Zenefits Moves to Shed Scandals, Transform Image

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Zenefits' new logo.
Zenefits' new logo. Credit: Zenefits

While most people may not know exactly what Zenefits does, it's likely they know about the hits it took last winter. They included: regulatory hurdles, accusations that it violated insurance-provider licensing regulations, layoffs, leadership changes and that issue it had with employees' penchant for sex in the stairwells.

Now Zenefits, which describes itself as a software company geared to HR departments, is making over its image with a new logo (same name, different look), an event that features marquee names such as Arianna Huffington and venture capitalist Ben Horowitz, and a pivot in how it does business.

Zenefits' software helps companies manage payroll and provide employees access to things like their benefits and vacation time. It gives this software away for "free" in exchange for helping said companies acquire health insurance. Investors once valued Zenefits, which launched in 2013, at $4.5 billion (it's since lost half its valuation).

But now the company that was at odds with traditional brokers that sell insurance but don't have Zenefits' technology will allow brokers to sell Zenefits' software in exchange for a cut.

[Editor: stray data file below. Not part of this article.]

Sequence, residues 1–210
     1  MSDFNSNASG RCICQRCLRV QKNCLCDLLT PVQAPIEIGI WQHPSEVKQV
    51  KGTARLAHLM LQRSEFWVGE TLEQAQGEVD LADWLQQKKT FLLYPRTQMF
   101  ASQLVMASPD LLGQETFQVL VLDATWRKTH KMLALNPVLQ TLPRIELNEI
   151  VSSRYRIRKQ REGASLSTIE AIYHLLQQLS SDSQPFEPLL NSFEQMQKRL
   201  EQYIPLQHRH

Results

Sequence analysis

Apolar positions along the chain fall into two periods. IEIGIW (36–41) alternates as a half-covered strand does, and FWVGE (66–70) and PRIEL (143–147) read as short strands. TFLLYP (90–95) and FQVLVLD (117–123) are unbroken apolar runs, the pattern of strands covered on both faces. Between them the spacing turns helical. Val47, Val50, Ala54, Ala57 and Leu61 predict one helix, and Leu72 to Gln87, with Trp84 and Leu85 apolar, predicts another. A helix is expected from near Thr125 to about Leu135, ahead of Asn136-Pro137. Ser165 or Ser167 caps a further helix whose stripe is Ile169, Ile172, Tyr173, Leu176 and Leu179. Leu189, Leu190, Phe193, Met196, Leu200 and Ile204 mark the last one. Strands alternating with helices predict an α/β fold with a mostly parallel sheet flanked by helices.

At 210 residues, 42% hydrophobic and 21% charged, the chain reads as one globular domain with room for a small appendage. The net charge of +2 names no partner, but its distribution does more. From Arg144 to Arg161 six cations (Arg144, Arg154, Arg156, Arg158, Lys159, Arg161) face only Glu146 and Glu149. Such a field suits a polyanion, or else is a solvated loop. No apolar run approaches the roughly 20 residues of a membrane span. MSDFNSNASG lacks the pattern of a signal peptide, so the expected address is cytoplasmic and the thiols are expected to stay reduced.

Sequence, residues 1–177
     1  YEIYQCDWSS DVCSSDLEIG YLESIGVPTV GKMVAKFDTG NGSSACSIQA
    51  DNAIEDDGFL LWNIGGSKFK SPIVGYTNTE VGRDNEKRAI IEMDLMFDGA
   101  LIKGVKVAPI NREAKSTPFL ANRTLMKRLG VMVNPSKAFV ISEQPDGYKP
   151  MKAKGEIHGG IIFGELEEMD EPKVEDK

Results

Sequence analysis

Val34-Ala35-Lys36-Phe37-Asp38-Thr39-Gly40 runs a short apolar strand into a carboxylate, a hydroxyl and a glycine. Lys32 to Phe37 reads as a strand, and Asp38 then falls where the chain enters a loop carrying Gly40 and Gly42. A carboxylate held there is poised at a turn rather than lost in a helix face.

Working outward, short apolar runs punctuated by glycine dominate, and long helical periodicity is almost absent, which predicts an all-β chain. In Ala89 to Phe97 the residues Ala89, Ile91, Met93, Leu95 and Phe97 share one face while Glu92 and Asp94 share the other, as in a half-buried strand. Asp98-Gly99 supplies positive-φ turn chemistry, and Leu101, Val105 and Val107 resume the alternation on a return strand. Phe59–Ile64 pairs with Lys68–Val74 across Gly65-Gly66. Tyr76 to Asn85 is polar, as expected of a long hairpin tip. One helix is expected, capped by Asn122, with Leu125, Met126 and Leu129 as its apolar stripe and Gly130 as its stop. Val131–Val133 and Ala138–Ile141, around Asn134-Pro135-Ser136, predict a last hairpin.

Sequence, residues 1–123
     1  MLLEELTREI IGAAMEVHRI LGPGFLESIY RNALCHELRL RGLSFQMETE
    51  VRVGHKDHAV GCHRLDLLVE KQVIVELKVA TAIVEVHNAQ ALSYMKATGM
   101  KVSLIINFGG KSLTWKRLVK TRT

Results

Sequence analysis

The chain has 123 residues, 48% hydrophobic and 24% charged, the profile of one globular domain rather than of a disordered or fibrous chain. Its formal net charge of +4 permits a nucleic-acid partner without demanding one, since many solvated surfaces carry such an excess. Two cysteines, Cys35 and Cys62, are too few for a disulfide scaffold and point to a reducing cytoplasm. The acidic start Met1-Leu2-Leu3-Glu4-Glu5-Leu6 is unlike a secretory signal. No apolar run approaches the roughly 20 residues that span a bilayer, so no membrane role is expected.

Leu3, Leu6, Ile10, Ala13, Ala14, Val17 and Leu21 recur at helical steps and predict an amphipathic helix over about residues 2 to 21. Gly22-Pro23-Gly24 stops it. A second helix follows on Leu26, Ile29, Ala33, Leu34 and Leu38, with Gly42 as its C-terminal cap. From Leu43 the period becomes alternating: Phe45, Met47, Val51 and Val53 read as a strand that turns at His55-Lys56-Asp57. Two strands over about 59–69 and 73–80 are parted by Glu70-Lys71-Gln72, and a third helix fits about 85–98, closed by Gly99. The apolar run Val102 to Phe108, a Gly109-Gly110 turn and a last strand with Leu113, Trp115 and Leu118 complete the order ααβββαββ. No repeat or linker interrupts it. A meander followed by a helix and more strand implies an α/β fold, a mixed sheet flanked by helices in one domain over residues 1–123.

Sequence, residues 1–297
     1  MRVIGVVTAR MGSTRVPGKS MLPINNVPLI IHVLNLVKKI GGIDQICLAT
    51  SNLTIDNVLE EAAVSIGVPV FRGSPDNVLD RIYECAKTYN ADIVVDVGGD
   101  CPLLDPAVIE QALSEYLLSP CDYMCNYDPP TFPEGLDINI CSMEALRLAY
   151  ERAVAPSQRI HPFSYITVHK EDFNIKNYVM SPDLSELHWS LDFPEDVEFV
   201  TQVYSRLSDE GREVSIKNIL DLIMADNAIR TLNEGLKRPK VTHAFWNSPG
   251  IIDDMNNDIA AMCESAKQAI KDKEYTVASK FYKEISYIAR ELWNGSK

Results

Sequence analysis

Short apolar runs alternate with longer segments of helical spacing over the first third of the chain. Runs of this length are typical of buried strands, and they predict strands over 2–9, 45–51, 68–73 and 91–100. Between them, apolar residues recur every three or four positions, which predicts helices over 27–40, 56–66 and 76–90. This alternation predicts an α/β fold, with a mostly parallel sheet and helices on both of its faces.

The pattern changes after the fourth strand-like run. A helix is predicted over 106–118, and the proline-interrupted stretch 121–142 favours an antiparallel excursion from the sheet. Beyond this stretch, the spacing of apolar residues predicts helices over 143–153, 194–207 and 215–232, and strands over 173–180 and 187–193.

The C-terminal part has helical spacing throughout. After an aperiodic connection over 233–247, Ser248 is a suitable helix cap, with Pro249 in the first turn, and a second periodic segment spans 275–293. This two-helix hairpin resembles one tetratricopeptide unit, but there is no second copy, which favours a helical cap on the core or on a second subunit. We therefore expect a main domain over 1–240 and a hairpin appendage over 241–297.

"We're repositioning Zenefits so it's a company that champions people and what they do," says Kevin Marasco, chief marketing officer at Zenefits. "We really want to celebrate that."

The spotlight

The need to make changes was obvious to the company, especially after an internal memo about used condoms being found in the stairwell made it into the press.

"I'll be honest—and I won't mention names—but I've been at companies and seen stuff, heard stuff, that is way, way worse than the Zenefits stories," Marasco says. "We were the fastest growing company in 2015 and, oh, wow, someone had sex in the stairwell. When you're in the spotlight like that, you're going to get scrutinized for every word you say and everything you do is watched under a microscope."

Over a six-month span, the company explored whether it needed to change its name. It found, among other things, that 80 percent of HR buyers don't know what the company is and that less than 10 percent of those it surveyed have a negative impression of it.

The damage it sustained, says Marasco, seemed to be more of a tailwind than headwind, and the biggest issue, they realized, was awareness.

Thus the change in the logo, which ditches the original origami bird for something more straightforward (see above).

The company also recently hired Beth Steinberg as its first chief human resource officer to help change the culture internally. Steinberg has previously worked at companies like Nike, Facebook and Electronic Arts.

The Zenefits event, "Shift: The Culture Conference," is on Thursday. Topics will include the changing work culture and diversity. Additionally, companies including Aetna, Blue Cross and Blue Shield, MetLife and United Healthcare will be on hand to discuss their platforms.

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